First of all, Gethsmani, as I said before, if all the 30 year olds that claim to be big comic fans since Marvel movies got big were buying them in the 90s and 2000s then Marvel wouldnt have risked bankruptcy.
that assumes no other factors than straight sales, which ignores a good amount of the issues with the 1990s. It ignores factors like cost, the overall change of venue, the rise of used comic sales, the rise of the direct market, speculation, etc. Marvel's bankruptchy came in part because of the rise of an unsustainable market. Do you think those comics were being bought by nobody?

Big Bang Theory is a show that exploits the negative view of society on Nerd and geek culture only that show gives them high paying jobs instead of having them be broke living with their parents ala Everybody Loves Raymond. It makes the "real world" around them have to bow to their social ineptitude for the show to even work.
You know, it's weird. I know a good number of people who like sports. They love watching shows like The League. Now, your value for "funny" might be different than theirs, but I'm yet to see sports fanatics flip their lids because a show stereotypes them in "negative" ways. BBT is called "Nerd Blackface" while shows that mock the jocks and dudebros are...enjoyed by jocks and dudebros.

However, on this site that is centered around nerd and Geek culture, you have some people who want to see the culture die. Society is trying a hostile takeover of the culture, and it is working because you are up against people who are not good at social warfare and have a tendancy to lash out and retreat. I don't see how someone who wants the culture to die is putting anything positive into the community.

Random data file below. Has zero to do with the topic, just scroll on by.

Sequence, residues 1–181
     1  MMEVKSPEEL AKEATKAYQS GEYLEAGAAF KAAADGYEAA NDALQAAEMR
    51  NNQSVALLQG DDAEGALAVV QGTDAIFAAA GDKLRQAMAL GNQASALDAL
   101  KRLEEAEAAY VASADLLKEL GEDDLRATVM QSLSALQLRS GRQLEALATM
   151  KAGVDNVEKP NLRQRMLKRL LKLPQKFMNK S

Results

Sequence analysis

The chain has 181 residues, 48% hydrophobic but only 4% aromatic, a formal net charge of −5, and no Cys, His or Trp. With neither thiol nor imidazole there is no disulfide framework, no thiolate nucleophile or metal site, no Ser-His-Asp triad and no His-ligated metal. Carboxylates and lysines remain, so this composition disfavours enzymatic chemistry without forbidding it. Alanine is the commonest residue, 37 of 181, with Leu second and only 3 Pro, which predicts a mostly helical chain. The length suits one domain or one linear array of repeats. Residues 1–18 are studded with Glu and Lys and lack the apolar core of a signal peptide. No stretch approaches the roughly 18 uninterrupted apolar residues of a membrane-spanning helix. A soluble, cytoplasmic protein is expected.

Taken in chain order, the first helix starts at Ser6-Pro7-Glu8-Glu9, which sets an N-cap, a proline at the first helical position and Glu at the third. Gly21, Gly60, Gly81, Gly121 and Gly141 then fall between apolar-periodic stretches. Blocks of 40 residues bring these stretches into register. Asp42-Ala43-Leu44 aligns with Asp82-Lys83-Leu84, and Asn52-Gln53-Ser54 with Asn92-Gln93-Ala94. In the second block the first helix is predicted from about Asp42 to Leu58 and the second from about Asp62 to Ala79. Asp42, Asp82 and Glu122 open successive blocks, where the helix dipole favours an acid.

Describing the changing nature of an already mutable and amorpous culture as warfare is a rather black and white outlook, and I'd argue is more the problem. There is almost certainly no point in your life where there wasn't some form of nerd chiq. Christ, things like Star War and Star Trek were pop culture phenomenon. Are you 70 years old? Then there has probably been an influx of nerds and a change of what "nerd" means in your lifetime.

"Fake Geek Girls" is a result of people also believing there are "Fake Geek Guys" too.
Which is why the results on Google are around 15:1.

Nerd's don't use tend to use the phrase "I am such a nerd/geek" because saying that 'ironically' doesn't seem funny to them. They probably don't see much value in calling other people such either as they get made fun of for the same thing.
I use "I am such a geek" because I am self aware and able to laugh at myself in good humour. There are those moments where I totally recognise my excessive, sometimes obsessive fandom, and can laugh at them. And it is okay to laugh at them. I think the "community" would be better off if more people did that.

Phasmal, you are a girl. Understand there are many in this culture that feel threatened by you because other males and females have mocked them for their awkwardness as a geek or nerd.
The problem here is that you are asking for empathy but offering none. They're not the ones being treated like crap because some girl rejected some guy in high school.

And might I add, you have a history of telling me the overreactions in nerd culture aren't due to sexism or issues with women, but here you are telling someone that there are "many" in this culture who are actually threatened by Phasmal. That is a clear and strong issue with women.

The toxicity of this community does indeed have a lot to do with a large influx of people over the last 10 years having zero tolerance for those who were essentially here first.